With energy demand growing rapidly, the SBSP option offers huge opportunities. Such an option will also be reportedly a cleaner energy option. This option would also significantly augment India’s capabilities in the space domain, which will have far-reaching positive spin-offs in the ever-changing security environment in Asia. This will bring the much-desired focus on the question of technology transfer between India and the US, Japan and Israel.
India has looked at this option for quite sometime. In 1987, the first bit of work was undertaken looking at advanced space transportation system design concepts for cost-effective space solar power. Recently, ISRO is reported to have done some exercise looking at the feasibility of this option and examined three specific configurations. Thereafter, ISRO is believed to have welcomed an International Preliminary Feasibility Study.Unlike terrestrial solar and wind power plants, SBSP is available throughout the year, in huge quantities. It can also reportedly work irrespective of conditions that are a problem for other alternative energy sources such as cloud cover, availability of sunlight, or wind speed.
What has prevented the SBSP from becoming a real option? Is it the enormous cost involved in developing the option or is it an option that never got the popular attention due to the multiplicity of departments involved? Proponents argue that the cost of SBSP should not be compared to the direct costs involved. The cost-benefit analysis needs to be done on a different scale, including the direct and indirect cost of global warming and climate change. Otherwise, the costs of developing this technology may seem exorbitant.
What are the options to meet this cost? Are the Indian and American governments and private sectors willing to make significant investments on the R&D of this technology? The US-India Agreement to establish an S&T Board and an Endowment to carry out research (July 20, 2009) appears to be an ideal basis for new research and development on SBSP. SBSP seems like an ideal candidate because this fund seeks to finance projects on a broad spectrum of issues of mutual benefit such as biotechnology, health and infectious diseases, advanced materials and nanotechnology science, clean energy technologies, climate science, basic space and atmospheric and earth science among others. The US side of funding for the Endowment is reported to come from the US S&T "Rupee Funds" established in the 1980s to encourage and fund bilateral S&T projects.5 However, for the SBSP per se, there appears to be interest among the private sector companies like Boeing, Lockheed Martin, and Northrop Grumman and on the Indian side, Tatas have shown interest in exploring this option.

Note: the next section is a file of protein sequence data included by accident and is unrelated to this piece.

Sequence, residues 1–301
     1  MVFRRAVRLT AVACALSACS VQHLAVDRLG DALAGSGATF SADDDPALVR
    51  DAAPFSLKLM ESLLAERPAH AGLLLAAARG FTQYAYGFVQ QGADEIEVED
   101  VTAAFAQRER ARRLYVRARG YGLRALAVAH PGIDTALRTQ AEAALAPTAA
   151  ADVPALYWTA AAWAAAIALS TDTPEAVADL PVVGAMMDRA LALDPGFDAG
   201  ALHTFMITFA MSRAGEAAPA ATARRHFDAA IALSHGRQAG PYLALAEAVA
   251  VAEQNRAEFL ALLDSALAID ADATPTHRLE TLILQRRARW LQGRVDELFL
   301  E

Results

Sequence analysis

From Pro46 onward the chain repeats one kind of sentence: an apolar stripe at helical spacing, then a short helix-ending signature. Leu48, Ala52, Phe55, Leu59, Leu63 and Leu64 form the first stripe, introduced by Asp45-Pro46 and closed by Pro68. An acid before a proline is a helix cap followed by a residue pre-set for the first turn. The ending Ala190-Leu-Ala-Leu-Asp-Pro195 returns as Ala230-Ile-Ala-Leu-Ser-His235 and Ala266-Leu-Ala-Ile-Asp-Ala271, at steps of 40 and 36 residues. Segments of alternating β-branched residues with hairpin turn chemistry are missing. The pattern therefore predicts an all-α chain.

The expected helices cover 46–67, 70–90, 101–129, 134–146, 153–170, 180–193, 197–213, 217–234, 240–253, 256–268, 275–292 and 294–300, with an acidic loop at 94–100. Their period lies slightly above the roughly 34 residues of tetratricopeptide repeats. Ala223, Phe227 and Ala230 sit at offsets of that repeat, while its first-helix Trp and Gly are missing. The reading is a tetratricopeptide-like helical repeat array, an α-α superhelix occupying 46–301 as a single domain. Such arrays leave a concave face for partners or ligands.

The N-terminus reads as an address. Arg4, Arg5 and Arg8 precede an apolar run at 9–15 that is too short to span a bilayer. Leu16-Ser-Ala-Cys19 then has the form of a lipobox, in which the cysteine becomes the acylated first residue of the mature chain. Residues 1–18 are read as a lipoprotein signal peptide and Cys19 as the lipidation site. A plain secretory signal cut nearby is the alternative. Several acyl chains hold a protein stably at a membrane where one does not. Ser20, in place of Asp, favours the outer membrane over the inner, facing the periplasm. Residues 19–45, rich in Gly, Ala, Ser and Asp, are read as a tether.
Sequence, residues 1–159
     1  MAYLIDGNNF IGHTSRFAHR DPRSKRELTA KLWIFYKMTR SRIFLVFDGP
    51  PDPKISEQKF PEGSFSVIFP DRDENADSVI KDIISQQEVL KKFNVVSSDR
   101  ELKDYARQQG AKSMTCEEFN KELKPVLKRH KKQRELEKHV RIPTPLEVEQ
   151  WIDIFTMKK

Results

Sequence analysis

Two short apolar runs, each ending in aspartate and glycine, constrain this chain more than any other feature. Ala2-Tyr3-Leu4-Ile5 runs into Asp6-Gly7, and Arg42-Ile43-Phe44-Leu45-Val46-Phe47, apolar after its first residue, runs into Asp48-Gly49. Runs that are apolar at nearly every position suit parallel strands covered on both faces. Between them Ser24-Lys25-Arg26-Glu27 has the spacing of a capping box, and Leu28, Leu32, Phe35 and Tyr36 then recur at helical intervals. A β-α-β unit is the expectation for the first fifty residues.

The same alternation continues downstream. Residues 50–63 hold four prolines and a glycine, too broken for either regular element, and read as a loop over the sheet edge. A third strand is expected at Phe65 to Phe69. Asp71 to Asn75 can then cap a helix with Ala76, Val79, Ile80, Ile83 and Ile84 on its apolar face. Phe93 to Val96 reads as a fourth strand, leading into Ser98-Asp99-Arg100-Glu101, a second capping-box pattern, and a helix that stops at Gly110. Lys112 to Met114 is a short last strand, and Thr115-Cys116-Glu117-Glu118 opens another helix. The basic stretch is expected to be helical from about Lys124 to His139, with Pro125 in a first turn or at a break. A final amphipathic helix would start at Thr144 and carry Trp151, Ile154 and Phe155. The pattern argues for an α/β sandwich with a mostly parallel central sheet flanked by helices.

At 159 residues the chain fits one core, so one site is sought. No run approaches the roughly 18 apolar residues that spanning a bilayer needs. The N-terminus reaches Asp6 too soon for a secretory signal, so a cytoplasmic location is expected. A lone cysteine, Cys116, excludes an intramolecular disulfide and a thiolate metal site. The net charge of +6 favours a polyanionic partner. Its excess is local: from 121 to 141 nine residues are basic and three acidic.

While this can potentially be an excellent case for public-private partnership, the initiative has to come from the government. India’s foray into space and its space policies have had strong civilian and developmental roots and accordingly the government needs to place the SBSP within its overall national space policy. India’s decision to pursue SBSP will have multiple impact -clean energy, clean environment, advancement in the space arena with technology transfer as a given between India, US and Japan.
2Peter A Garretson, "Power the Final Frontier: Could Satellites in Orbit be a Source of Energy for the Future? It’s Possible," Satkal Times, May 22, 2009. For a detailed study, see Peter A Garretson, "Sky’s No Limit: Space Based Solar Power, the Next Major Step in the Indo-US Strategic Partnership?," IDSA Occasional Paper No. 9, (Institute for Defence Studies and Analyses, New Delhi, August 2010), p. 17.
3Announcement of the Kalam-NSS Energy Initiative, The NSS Conference Announcement, November 05, 2010, available at http://blog.nss.org/?cat=5.
4International Energy Agency, World Energy Outlook 2007: China and India Insights, International Energy Agency, Paris, 2007, p. 42 and 46.
5Press Information Bureau, "US-India to Establish a Bi-National Science and Technology Endowment Fund and Joint Commission," India PR Wire, March 3, 2006.